14 November, 2018
Céline Cousteau, granddaughter of Jacques Yves Cousteau, visits scientists at the Red Sea Research Center to explore current research endeavors.
In early November, Céline Cousteau, socio-environmental advocate, and granddaughter of famous ocean-explorer and filmmaker Jacques Yves Cousteau, visited the Coral Symbiomics Lab at the Red Sea Research Center. She and her team prepared a sequence for a French-produced film documentary. Céline is known for her work as a documentary film director, producer, explorer, public speaker, and artist. She explored a large variety of environments for her work, ranging from the inaccessible Amazon rainforest to remote fiords in Patagonia, always aiming to elucidate how environmental and climatic changes may impact the local human populations and tribes. Placing humans and their environmental connection into the center of her work, Céline has dedicated her career traveling the world to “reconnect the human tribe and raise awareness for environmental issues”, she says.
The film crew focused on the Coral Symbiomics Lab’s research aiming to understand the potential for assisted gene flow, a technique that aims to transport genetic information from tolerant to vulnerable coral populations via crossbreeding. “The rapid climate change is threatening coral reefs at a global scale and experts predict a gloomy future”, PI Manuel Aranda states, stressing the need to “explore innovative solutions to mitigate the impact of climate change and to maintain ecological functionality”. The Cousteau crew followed Aranda into the laboratory, where he explained the sensitive relationship between corals and their symbiotic algae, which supply much of the required energy to their host. “The symbiotic algae are the key that allow these extremely diverse ecosystems to thieve in otherwise nutrient-poor environments”, explains Aranda. Showing the laboratory coral model organism, the small sea anemone Aiptaisa, under a fluorescence microscope, he elaborated on current research projects aiming to identify the character of the symbiotic relationship using state-of-the-art technologies: “Much of our research aims to understand how the symbiosis of coral and algae has evolved and what the processes at cell-level are, that define this relationship”.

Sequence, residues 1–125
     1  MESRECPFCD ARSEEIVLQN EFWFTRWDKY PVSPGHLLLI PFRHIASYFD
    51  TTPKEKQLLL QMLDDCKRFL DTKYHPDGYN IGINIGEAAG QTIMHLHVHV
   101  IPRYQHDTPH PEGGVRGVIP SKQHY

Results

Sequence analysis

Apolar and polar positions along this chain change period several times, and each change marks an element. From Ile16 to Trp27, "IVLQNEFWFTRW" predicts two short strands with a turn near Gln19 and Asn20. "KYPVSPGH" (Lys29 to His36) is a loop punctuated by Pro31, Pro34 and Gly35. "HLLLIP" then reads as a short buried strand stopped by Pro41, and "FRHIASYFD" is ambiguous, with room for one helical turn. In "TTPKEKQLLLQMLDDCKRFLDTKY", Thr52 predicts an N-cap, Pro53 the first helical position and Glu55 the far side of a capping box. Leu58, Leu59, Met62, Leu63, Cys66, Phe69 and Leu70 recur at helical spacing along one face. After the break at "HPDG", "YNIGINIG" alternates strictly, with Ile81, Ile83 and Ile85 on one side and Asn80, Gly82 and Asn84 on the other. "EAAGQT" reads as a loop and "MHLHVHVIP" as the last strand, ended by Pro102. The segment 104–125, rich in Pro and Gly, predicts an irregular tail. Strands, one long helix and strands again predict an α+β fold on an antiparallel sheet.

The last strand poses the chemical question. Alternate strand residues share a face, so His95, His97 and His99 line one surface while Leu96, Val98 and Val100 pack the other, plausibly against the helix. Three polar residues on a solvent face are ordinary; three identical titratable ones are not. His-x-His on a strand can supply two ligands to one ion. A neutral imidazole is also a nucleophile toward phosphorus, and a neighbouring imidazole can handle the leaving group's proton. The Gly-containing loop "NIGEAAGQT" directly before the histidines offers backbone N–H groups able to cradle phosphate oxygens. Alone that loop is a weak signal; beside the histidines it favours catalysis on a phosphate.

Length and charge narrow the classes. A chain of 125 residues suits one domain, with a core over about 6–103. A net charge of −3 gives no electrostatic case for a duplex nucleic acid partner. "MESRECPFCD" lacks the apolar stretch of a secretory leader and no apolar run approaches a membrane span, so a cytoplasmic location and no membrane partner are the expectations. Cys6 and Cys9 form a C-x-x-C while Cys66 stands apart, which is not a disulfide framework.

The film crew charted an Italian owned Sudanese vessel, the Felicidad II, that visited KAUST harbor during the filming period. Sailing on this ship, Céline followed postdoc Sebastian Schmidt-Roach, who is leading the field work and breeding experiments, into the local coral reefs. “We are in a unique situation at KAUST, having high-tech laboratory facilities and direct field access to coral reef systems in the proximate distance”, explains Schmidt-Roach, “and we can rely on excellent support for our marine operations from CMOR, the Coastal & Marine Resources Core Lab Services at KAUST.” Diving at experimental sites, the Cousteau crew visited a coral nursery and a common garden experiment, filming Schmidt-Roach working underwater. “It was a great pleasure to meet and dive with Céline and her crew and a unique opportunity to promote and communicate our research to a greater public audience” adds Schmidt-Roach, “we need to raise awareness for the unique treasure Saudi Arabia has in their coral reefs”.